School police officers at Strawberry Mansion High School in Philadelphia begin every morning with a prayer.
"We must save the children," one of them said, head bowed.
The officers then take their posts to watch for razor blades in tin foil, knives in backpacks and Vaseline on students' faces, which is used to prevent scratches during fights. As the students enter the building, they have to file through metal detectors, some even emptying their pockets before being cleared to go to class.
"This is a dangerous school," said 15-year-old Julissa. "A lot of fights pop off over nothing, so you got to be safe."
Strawberry Mansion High, where 94 security cameras line the halls, had 435 students at the beginning of this school year. Located in a poor neighborhood with a high crime rate, Strawberry Mansion has been on the state of Pennsylvania's "Persistently Dangerous Schools" list for the past five years.
ABC News' Diane Sawyer and ABC News producers followed the daily lives of the school's students and faculty during the 2012-2013 school year. So far this school year, there have been 49 incidents from fires to teacher attacks reported in or near the school. ABC News' cameras captured students brawling in the cafeteria and being bullied, as well as students who shared their dreams of going to college.
Last year, Strawberry Mansion was among 37 Philadelphia schools that were scheduled to close this June. The city is in the midst of fighting an education budget crisis.
The current principal is Linda Cliatt-Wayman -- the fourth the high school has had in four years. Before coming to Strawberry Mansion, she was an assistant superintendent of high schools for the Philadelphia public school system. Since she started last fall, the number of incidents has been cut in half.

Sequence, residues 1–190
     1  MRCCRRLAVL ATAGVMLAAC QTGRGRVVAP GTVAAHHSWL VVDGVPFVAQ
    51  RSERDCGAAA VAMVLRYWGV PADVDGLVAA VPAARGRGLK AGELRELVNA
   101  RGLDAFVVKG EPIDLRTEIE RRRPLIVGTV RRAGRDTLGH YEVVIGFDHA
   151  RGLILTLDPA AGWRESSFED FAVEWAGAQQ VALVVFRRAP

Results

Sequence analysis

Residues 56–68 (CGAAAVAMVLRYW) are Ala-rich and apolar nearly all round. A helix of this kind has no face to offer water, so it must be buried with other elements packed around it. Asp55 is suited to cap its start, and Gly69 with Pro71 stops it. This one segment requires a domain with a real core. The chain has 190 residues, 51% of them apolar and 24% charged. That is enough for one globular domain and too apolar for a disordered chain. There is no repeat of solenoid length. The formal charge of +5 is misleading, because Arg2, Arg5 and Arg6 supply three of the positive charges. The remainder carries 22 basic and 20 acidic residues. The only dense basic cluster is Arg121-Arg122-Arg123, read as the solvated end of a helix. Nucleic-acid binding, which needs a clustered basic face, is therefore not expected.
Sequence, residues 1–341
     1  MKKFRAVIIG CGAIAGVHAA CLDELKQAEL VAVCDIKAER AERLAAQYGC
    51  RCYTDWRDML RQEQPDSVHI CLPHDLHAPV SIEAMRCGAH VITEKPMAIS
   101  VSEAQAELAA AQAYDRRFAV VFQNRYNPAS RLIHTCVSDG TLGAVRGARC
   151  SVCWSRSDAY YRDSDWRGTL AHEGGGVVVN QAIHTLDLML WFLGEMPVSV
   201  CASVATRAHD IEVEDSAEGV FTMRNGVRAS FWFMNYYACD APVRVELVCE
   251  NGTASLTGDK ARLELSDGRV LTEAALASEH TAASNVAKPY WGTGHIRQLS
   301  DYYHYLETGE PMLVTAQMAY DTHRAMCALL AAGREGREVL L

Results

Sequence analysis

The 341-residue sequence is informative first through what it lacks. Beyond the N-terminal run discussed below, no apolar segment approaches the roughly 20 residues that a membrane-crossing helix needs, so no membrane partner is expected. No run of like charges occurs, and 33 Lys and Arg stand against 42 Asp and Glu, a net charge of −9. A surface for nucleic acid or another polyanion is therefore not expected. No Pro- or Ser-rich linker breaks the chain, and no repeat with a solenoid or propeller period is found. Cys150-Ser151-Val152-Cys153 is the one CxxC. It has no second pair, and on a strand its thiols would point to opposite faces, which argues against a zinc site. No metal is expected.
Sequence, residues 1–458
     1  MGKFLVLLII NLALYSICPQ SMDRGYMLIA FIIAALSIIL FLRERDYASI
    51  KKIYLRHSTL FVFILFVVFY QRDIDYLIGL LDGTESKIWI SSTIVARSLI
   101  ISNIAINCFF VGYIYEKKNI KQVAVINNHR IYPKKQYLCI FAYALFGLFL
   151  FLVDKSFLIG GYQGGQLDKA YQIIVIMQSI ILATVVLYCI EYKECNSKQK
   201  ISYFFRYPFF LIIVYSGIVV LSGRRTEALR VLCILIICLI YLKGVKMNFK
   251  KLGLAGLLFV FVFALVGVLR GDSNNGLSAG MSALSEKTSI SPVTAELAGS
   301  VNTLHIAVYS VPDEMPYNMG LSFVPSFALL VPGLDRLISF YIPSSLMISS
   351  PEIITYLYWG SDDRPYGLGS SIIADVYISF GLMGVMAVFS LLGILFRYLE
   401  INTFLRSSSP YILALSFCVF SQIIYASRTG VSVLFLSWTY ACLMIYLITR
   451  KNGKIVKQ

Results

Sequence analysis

"I could not find a principal who was suitable to handle this school," Cliatt-Wayman said. "Therefore, I said to myself, because I love these students dearly and I knew the community ... I would just volunteer to be the principal."
Philadelphia School District Superintendent William Hite said finding strong leadership for Strawberry Mansion has been the "primary factor" in starting the school's turnaround.
"The type of persona, if you will, who establishes a clear vision for what appropriate behavior looks like, for what rigorous instruction looks like, for expectations, that students are exposed to opportunities," Hite said. "If turnaround can happen here, at Strawberry Mansion, it can happen anywhere in the country."
In her effort to protect the student body, Cliatt-Wayman banned boots, which can be used to stomp on heads, and hoodies so students can't hide from security cameras.
"Each day, it gets scarier," Cliatt-Wayman said. "[The student] just said to me, 'I have a bullet with your name on it.' That's what it was. And I know that guns are really accessible in this neighborhood, so I don't think it's unreasonable that he can get his hand on a gun and shoot me."
But for every student that causes trouble, there are many more who just want to learn. Razzaq, a freshman at Strawberry Mansion, shows up to school even though he shoulders much of the responsibility at home.
Razzaq's favorite subjects at school are chemistry and algebra, and his pride and joy is his Junior ROTC uniform.
When it comes to protecting himself at school, he said, he tries to avoid trouble.
"I use my words," he said. "I don't try to be big. I don't try to be anything."
Another freshman, a small, quiet girl named Malaysia, is also trying hard to make it at Strawberry Mansion.
On parent-teacher conference day, her father came to talk with her algebra teacher. Of the teacher's 70 students, Malaysia's father was the only parent to show up.
"I can't see not wanting to know about your child," said her father, Roosevelt Paramour. "I can't see not wanting to know about their progress and what they are doing."